Several interviewees discussed how trauma and mental health issues largely go untreated among returning citizens due to many factors, including stigma within their communities and lack of mental health resources. Mental health care can be deemed necessary in a client’s supervision plan, but finding and accessing quality care is another challenge. CSOSA staff described clients waiting hours to get any kind of treatment at the mental health center, as well as a lack of empathy and care from mental health professionals. One employer, Joe Andronaco of Access Green, is developing a system to re-train trauma-affected returning citizen employees on how to think and process information, which he believes will lead to better decision making and longer employment.
Lack of training and education
Many of D.C.’s returning citizens lack formal education beyond high school, and this has proven to be a challenge in D.C.’s competitive job market. A caseworker from D.C.’s Mayor’s Office for Returning Citizens’ Affairs mentioned only five of his 98 clients had any college experience. Another official said that the typical education opportunities inside prisons are focused on getting participants to earn their G.E.D., without thinking of continuing on.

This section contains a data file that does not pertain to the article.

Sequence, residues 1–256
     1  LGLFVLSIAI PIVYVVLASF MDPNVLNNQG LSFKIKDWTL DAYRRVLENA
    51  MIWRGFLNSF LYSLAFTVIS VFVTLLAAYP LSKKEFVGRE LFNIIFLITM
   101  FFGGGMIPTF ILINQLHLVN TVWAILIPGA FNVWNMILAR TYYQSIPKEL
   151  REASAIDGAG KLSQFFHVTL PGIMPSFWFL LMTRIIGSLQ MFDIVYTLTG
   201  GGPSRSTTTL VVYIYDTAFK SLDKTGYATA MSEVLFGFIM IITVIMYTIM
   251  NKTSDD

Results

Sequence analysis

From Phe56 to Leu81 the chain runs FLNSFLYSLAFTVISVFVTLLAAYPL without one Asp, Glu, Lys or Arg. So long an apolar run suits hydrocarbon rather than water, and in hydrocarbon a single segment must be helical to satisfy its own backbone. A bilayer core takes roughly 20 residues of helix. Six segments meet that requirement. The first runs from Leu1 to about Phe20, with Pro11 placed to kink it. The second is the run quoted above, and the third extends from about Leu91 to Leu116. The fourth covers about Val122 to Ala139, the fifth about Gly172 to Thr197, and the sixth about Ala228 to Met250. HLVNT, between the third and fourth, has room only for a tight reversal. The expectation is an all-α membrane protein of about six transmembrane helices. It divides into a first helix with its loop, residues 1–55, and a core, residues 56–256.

Before CSOSA and D.C.’s prison system came under federal control in 1998, D.C. offenders were incarcerated in Virginia and were able to take classes with the University of D.C. No such system is offered now. And even when the prisons holding D.C. residents, which are located around the country, do offer skills classes, the skills taught may not be relevant to D.C.’s job market. For example, a furniture upholstery class at a prison in North Carolina may not prepare returning citizens for the job market in D.C.